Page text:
Noah Bogdonoff and Amanda Treco tackle our turnip crop.
By Amanda Treco
With turnip harvesting season upon us, we found ourselves with a wheelbarrow full of turnips and no idea what to do with them. We decided to freeze most of the turnip yield for later use because turnips tend not to last well after harvesting. Here's how we did it:

The first step in preparing the turnips is to cut off the turnip greens. These can be used in cooking and are similarly flavored to mustard greens. Smaller leaves are preferable for eating since the larger leaves have a bitter taste. This taste can be lessened by pouring off the water from initial boiling and replacing it with fresh, cold water. The turnip roots themselves are tasty raw and can also be cooked in a wide variety of recipes ranging from sweet to savory. After peeling and cutting the turnips into cubes, we prepared the turnips for freezing by blanching them in hot water for two minutes, and then transferring them into ice cold water in order to stop the cooking process. This step is crucial because it helps the turnips retain their nutrients.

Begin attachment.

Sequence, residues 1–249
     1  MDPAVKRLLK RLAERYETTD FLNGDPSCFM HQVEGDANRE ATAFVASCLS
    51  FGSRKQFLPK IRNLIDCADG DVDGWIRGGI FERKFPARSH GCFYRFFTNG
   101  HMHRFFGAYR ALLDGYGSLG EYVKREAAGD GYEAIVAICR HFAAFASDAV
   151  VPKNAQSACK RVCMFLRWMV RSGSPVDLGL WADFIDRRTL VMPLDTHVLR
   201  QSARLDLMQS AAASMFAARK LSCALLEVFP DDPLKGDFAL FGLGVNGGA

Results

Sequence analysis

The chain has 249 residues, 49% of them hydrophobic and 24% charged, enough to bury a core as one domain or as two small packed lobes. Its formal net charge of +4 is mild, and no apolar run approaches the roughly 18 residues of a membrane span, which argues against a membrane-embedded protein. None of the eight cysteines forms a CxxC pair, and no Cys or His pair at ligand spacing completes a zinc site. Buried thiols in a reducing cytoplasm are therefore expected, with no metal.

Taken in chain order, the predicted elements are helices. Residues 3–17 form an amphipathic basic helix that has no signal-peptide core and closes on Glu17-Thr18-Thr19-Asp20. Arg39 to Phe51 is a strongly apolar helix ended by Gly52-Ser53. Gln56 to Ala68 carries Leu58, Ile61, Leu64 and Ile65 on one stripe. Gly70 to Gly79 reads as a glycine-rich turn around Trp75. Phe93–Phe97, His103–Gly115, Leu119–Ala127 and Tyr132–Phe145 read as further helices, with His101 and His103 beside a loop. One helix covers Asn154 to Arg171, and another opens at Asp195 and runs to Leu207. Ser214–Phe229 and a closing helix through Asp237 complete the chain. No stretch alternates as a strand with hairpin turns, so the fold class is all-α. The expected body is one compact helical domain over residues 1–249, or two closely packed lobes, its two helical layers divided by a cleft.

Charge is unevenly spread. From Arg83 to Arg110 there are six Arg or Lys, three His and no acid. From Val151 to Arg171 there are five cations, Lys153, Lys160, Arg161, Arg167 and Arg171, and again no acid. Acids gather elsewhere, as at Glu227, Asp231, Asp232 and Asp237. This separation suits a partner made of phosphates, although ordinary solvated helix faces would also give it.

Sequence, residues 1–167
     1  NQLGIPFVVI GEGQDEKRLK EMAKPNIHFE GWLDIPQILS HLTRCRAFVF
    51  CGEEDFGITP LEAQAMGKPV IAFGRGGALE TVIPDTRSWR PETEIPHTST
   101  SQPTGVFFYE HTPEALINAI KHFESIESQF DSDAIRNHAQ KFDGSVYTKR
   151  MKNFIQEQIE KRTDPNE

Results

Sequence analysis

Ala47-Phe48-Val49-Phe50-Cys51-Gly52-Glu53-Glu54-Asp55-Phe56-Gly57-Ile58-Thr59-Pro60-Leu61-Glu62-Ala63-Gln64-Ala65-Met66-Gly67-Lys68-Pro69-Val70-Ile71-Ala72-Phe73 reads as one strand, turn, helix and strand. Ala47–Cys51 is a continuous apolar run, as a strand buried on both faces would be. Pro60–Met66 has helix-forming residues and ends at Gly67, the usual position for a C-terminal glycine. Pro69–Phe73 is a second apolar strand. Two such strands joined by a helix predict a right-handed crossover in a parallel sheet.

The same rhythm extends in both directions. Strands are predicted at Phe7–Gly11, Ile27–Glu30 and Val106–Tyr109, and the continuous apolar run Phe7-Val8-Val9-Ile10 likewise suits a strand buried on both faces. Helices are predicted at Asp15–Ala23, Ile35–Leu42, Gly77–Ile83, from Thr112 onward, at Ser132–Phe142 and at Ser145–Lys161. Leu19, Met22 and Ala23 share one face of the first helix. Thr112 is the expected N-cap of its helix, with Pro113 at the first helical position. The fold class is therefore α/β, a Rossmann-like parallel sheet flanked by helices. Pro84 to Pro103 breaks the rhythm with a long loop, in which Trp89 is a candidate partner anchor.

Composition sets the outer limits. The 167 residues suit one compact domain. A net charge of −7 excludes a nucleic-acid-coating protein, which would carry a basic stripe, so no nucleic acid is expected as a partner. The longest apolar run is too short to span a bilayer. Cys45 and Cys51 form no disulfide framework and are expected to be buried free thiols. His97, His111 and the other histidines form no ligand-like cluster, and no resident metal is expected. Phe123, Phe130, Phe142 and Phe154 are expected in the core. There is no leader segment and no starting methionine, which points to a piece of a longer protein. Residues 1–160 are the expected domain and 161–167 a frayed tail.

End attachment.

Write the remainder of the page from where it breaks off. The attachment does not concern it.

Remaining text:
We ended up with six airtight containers to be frozen. After doing some research, root vegetables seem to best for up to a year after freezing. Hopefully this plentiful bounty of turnips will be put to use in tasty and nutritious recipes this coming winter.